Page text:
Gerry Fitt was a man at the end of his tether . The IRA would'nt listen to the Pope ; the SDLP would'nt listen to him . He had the ear only of the RUC and the British House of Commons . And he had his gun : " I had only had it for protection , " he said , " the IRA never protected anybody . The (British) Army was there to protect people . ('1169... ' Comment - the SDLP position then . And now - ' those sent by our persecuters will protect us ... ' !) At least they (the British Army) had to follow the rules of the Yellow Card . ('1169...' Comment - did the 'Yellow Card' allow the BA to work with the Loyalist paramilitaries , too ... ?) The IRA never used a Yellow Card . "

Paddy Kennedy (SDLP) recalled the very early days : " Gerry could never figure out the Republicans . When he was out fighting World War Two , the IRA killed a policeman (sic) on the Springfield Road . " Tom Williams was hung for that in 1943 . " Gerry Fitt called the Republicans wimps and gimps and hunchies , running round with their coat collars turned up . The trouble was he was very funny about it . He can slander more wittily than anybody you'd know , and be laughing without realising the damage he was causing and the real hurt he was doing to people's feelings . "

For all that , Gerry Fitt manned a polling station for Sinn Fein in 1958 , in the middle of their 1956-1962 armed campaign against the B-Specials and the RUC . It was a comparatively minor campaign though , and few people died.......


" We declare that political status is ours of right and we declare that from Monday 27th October 1980 a hunger-strike by a number of men representing H-Blocks 3 , 4 and 5 will commence . Our widely-recognised resistance has carried us through four years of immense suffering and it shall carry us through to the bitter climax of death , if necessary . "
No by-line.
From 'IRIS' magazine , November 1983 .

Organised protests in the North took up again with the commencement of the second hunger-strike in March 1981 , intensifying with the dark news that Bobby Sands was growing weaker .

Every team travelling North from the 26 counties experienced H-Block demonstrations at half-time and were continually made aware of the feelings of Northern GAA members about the dilemma of their fellow Irishmen in Long Kesh . GAA banners were familiar sights on H-Block marches across the six counties and GAA grounds were frequent venues for demonstrations and rallies . The H-Block video film was distributed around many GAA social centres and enthusiastically received .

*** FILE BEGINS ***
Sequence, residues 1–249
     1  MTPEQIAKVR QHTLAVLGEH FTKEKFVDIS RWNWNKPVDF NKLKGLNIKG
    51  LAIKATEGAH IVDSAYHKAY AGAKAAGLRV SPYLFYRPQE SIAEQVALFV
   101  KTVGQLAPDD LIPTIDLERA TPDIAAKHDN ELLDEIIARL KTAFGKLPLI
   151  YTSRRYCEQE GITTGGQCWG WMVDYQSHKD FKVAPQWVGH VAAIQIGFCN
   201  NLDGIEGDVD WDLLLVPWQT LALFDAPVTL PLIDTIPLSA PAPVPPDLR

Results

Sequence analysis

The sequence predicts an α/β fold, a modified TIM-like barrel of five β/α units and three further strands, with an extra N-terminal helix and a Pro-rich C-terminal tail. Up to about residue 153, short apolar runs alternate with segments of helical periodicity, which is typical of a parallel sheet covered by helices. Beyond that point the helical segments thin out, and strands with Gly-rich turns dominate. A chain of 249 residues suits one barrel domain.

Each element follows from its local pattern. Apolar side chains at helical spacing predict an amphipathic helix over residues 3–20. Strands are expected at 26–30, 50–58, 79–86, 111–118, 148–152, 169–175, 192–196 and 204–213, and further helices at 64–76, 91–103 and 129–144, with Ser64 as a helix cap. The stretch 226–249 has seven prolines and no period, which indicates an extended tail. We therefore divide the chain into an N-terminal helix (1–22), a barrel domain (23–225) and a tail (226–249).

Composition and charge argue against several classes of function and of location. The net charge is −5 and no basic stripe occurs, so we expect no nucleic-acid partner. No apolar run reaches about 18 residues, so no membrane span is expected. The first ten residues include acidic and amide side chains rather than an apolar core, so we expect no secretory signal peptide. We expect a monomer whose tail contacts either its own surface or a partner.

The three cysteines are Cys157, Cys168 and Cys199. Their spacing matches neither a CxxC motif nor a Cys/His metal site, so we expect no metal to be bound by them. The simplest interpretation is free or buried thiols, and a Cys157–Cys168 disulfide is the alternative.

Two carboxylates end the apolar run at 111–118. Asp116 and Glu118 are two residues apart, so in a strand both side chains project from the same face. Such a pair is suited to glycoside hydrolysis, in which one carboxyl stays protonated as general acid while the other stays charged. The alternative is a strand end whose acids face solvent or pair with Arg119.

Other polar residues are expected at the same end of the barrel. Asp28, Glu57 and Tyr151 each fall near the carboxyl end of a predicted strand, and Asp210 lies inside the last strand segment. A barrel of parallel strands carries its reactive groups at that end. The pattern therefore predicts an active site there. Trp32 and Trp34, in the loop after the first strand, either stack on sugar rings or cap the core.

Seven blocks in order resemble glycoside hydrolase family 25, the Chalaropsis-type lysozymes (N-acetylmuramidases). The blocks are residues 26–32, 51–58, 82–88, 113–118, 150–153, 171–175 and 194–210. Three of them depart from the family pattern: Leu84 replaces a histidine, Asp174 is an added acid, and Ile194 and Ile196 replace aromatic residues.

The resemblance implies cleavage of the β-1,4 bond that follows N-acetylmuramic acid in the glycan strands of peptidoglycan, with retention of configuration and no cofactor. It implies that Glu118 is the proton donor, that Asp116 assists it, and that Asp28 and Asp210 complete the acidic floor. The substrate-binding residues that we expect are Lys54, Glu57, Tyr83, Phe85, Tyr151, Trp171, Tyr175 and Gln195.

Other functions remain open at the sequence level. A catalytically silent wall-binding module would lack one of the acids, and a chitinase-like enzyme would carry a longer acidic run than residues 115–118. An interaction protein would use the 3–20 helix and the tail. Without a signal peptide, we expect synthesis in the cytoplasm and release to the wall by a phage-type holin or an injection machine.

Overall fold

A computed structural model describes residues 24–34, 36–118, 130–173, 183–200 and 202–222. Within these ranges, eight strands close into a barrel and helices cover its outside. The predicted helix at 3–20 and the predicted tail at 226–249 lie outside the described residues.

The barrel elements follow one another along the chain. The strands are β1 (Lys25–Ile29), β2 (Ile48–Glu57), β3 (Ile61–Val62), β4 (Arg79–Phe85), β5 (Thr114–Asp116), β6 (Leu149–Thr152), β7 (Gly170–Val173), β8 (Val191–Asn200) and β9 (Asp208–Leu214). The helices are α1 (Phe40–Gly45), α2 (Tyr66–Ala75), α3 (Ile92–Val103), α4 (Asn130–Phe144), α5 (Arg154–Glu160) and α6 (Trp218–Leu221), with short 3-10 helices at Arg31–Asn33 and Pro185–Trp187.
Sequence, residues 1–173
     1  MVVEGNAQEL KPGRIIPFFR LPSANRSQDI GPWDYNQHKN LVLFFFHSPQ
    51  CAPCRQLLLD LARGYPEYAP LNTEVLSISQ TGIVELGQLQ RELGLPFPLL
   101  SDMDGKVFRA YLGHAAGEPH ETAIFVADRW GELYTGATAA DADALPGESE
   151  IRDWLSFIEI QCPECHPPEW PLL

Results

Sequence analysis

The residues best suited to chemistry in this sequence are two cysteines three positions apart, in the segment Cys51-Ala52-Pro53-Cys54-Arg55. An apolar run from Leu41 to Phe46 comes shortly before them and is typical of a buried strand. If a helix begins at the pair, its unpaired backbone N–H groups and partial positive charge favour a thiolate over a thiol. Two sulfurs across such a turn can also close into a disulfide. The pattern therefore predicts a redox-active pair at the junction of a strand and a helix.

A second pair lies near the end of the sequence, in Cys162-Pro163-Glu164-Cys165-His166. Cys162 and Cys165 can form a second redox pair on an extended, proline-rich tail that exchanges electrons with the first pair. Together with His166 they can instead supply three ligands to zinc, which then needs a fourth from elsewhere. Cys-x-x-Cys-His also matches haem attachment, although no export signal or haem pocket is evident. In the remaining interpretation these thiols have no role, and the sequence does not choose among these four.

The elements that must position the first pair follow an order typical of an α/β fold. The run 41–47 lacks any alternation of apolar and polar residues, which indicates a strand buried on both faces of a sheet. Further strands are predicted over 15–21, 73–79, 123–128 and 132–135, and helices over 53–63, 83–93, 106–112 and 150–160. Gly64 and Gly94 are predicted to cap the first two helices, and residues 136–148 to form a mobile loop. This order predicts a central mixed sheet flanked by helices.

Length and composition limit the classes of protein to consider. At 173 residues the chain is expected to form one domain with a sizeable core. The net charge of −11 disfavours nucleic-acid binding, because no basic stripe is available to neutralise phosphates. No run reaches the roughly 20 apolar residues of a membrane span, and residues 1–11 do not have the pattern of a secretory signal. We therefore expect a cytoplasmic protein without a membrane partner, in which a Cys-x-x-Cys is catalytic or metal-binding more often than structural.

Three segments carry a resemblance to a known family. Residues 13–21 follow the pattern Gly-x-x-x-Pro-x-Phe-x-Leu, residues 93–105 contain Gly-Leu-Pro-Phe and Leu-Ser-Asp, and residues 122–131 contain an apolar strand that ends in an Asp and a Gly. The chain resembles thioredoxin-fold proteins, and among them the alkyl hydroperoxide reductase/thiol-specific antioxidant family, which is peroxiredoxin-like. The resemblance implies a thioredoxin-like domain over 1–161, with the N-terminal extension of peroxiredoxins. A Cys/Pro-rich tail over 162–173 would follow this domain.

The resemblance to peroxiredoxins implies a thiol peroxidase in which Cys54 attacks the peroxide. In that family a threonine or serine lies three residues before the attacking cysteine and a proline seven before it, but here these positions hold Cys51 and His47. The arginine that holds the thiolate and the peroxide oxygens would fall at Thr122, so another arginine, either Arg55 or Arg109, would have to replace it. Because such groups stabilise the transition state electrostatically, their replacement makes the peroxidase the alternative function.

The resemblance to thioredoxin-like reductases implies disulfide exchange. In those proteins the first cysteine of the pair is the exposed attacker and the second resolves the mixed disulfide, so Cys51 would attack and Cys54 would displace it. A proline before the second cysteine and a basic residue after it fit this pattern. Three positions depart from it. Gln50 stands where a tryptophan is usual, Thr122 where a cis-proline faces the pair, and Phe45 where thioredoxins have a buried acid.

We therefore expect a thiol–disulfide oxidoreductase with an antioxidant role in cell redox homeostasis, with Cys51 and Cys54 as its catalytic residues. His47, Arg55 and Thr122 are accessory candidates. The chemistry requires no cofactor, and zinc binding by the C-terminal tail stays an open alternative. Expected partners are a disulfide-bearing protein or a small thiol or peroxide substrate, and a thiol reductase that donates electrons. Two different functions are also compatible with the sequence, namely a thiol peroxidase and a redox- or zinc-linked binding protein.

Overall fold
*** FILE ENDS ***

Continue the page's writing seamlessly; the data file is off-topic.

In August 1981 , a seven-day token fast and vigil was held outside Casement Park in Belfast by South Antrim GAA members ; it was to be expected that the British Army would not allow the picket to go by without harassment , and indeed two plastic bullets were fired into the protestors without warning , but they stood their ground and refused to be intimidated .

Over £2000 was collected at this fast and vigil in an illustration of the unstinting generosity of the people of West Belfast , who simultaneously were being called upon to contribute to a constant stream of other collections to provide the finance necessary for the hunger-strike campaign ; however , concern began to grow among the GAA's conservative hierarchy that the organisation , and particularly its Northern members , were going too far .

These people feared that the support shown for the blanketmen would 'tarnish' the nice respectable image the GAA nurtured , and that full backing for the prisoners' five demands would be interpreted as support for the armed struggle .......